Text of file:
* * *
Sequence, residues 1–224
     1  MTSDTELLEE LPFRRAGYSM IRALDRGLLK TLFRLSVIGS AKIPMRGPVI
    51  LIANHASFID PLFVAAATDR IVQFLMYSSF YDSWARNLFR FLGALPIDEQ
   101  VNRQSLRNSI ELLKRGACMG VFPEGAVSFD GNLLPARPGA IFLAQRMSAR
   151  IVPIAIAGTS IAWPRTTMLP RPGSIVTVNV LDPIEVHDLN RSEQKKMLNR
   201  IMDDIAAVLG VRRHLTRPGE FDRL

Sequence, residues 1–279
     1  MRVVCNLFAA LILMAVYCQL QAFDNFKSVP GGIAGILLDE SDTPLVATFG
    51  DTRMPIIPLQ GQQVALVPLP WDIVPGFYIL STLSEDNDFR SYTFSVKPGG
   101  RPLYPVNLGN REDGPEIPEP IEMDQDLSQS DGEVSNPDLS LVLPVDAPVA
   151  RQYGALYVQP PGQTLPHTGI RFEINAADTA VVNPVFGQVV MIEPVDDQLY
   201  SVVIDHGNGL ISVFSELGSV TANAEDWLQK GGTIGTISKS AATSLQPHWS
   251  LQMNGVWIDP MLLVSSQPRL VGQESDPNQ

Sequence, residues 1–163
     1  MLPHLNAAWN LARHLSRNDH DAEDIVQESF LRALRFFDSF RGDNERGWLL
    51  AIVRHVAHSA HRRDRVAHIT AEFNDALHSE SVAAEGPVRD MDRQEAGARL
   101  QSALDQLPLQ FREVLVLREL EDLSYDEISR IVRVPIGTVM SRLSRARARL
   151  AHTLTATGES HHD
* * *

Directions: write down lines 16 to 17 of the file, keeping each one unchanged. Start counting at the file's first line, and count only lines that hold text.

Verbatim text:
    51  AIVRHVAHSA HRRDRVAHIT AEFNDALHSE SVAAEGPVRD MDRQEAGARL
   101  QSALDQLPLQ FREVLVLREL EDLSYDEISR IVRVPIGTVM SRLSRARARL